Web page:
Interview by Carol Smallwood
You graduated from Ohio State University with a bachelor’s in anthropology and also attended other institutions. You’ve been a newspaper columnist, copy editor, and an electronics businessman. Please tell readers about your service with the Campaign for an Informed Citizenry.
First of all, Carol, thanks very much for asking me to do this interview with you. I’m most pleased you’ve taken an interest in what we’re doing and how we do it. The CIC is an organization founded by Dr. James Palombo to promote political and social awareness, not just to push personal issues. Jim and I became acquainted several years ago when an article appeared in the local paper about “a new zine in town,” and Jim called to ask if I wanted to meet for coffee or a drink.
We have similar positions on social and political issues, and later on, when he asked if I’d be interested in working with him to help promote the group, it seemed logical to sign on.
As the political editor of Ragazine, Jim is a regular contributor. His books and columns in Ragazine explore issues concerning political, legal, and social conditions in the United States and elsewhere, which pretty much reflects the core sentiments of CIC: free and open dialog to encourage citizens to educate themselves and others to make informed decisions that will affect the future in the most positive ways possible.
You reside in the state of New York; how did Ragazine get its name, and how/when did you establish it? What was the most challenging part?
I was still living in Columbus, Ohio, in the early 1970s when a group of friends started an alternative tabloid, arts-oriented magazine called Ragazine, to which I contributed. Later, I moved to New York City to work for High Times, and while Ragazine continued for some time in Columbus, it eventually dissolved.
My wife Margot and I were living in Tribeca and had made a number of friends and acquaintances who were artists, writers and photographers. It seemed like a good idea to start an alternative zine that would promote their work, and hopefully fill a need that was not being met by Soho Weekly, the village Voice and other alternative zines.
I had left High Times and gone to work with a construction crew renovating lofts and apartments in the City and tried my hand at publishing another alternative variously called Extra Extra and Monitor East. The idea was to give each issue a different cover name. I’ve never been very good at fund-raising, and couldn’t afford to independently pay for printing, typesetting, and the other expenses that go along with print publishing. I think we made three issues when it went under.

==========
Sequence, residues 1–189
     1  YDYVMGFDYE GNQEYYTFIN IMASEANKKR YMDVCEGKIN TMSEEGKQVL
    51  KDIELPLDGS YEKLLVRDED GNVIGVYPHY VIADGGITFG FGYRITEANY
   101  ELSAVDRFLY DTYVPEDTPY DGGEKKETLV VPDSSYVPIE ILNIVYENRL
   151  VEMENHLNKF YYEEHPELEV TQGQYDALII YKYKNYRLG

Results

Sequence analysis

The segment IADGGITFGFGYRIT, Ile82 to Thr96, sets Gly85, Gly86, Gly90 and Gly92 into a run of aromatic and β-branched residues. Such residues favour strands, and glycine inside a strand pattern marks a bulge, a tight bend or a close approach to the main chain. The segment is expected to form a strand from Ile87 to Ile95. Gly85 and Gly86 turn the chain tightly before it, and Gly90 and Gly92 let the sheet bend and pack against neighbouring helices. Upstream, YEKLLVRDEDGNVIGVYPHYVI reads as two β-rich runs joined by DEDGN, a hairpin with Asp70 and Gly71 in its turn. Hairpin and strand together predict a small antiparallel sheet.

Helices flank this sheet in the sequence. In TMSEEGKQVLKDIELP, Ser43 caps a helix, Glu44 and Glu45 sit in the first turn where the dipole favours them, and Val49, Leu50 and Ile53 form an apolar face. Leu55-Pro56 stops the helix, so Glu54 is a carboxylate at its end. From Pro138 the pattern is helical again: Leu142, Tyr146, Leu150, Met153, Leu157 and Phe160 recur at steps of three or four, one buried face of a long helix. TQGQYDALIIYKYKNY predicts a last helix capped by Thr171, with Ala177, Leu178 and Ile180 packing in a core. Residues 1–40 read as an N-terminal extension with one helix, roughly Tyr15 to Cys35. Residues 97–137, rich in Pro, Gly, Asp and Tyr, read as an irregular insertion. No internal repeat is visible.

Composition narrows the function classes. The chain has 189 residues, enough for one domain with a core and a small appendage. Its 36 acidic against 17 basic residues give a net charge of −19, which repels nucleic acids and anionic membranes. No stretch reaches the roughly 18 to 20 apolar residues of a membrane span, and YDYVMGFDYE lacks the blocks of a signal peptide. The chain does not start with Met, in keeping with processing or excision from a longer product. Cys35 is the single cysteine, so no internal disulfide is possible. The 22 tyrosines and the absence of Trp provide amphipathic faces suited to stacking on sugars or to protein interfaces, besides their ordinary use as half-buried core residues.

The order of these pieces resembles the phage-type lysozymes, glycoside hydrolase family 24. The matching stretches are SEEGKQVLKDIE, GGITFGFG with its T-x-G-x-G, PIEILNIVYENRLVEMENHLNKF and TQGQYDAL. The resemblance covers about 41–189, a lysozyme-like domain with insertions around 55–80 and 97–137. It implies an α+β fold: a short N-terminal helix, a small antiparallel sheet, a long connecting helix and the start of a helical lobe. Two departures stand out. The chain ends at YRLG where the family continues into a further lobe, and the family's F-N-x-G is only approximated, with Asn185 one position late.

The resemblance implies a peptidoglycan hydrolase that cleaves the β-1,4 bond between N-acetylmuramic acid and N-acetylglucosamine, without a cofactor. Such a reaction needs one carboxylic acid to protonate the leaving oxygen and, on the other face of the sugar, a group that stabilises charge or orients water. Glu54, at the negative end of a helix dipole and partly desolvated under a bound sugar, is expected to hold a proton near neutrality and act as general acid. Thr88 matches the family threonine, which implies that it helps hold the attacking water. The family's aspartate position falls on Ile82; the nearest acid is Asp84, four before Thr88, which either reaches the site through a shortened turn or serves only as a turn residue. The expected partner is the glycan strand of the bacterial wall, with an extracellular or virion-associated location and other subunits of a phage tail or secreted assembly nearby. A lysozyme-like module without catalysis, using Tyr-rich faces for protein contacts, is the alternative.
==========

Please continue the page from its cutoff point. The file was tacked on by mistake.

A couple of years on, I changed occupations, moved upstate and went into the electronics business. The desire to publish never left. And, in 2004, with the Internet just coming into its own, I decided to resurrect Ragazine, which was—and is— something I could do in my spare time that other people use to play golf, fix up old cars, fish or go boating. The real key was, online publishing is relatively low overhead compared with print publishing.
Fortunately, I still had contacts with a number of creative friends who were—and are—willing to share their work. We’ve never had a cash flow to pay contributors, or the people who have worked to bring Ragazine online. We have had some donations over the years, but selling “space” has never been a big part of our effort. Just getting the work out to a larger audience has been the reward. The zine is free online, neither contributors nor staff get paid—all our income goes to covering overhead, such as our hosting site, contact distribution program and our free online daily published through paper.li.
Your poetry has appeared in Mobius: The Poetry Magazine; Paterson Literary Review, Rosebud, and other journals. When did you begin writing–and in what genre?
I began writing as a child. I had written a poem and showed it to one of my parents’ friends, who when she read it had tears in her eyes. I didn’t understand why at the time, but I did realize then that thoughts and words had power, and I’ve been writing one thing or another ever since. While in Ohio, after college, I published a series of poetry chapbooks, one with tipped-in prints in a special edition. I guess I’ve always had it in me to publish cooperative ventures—perhaps to camouflage my own work, which I’ve declined so far to self-publish in collections. I love the power of word and image combined, and I think that’s what’s helped make Ragazine.cc stand out among online publications today.
Please tell a bit about Fashions and Passions (Me and Utopia): How did you become involved in translations?
I came across the series by Christopher Panzner, whose Fashions and Passions is a collection of altered images based on generally well-known historical works. Chris is an American artist living in Paris. I was inspired enough by one of the images to write a poem about it, and sent it to Chris…. Soon I was writing poems for all of the series, and to my surprise, he took the poems, combined them with the images, and made a series of it. There was no translating involved. All the poems were written in English by me to go along with the specific image to which they’re attached in the series.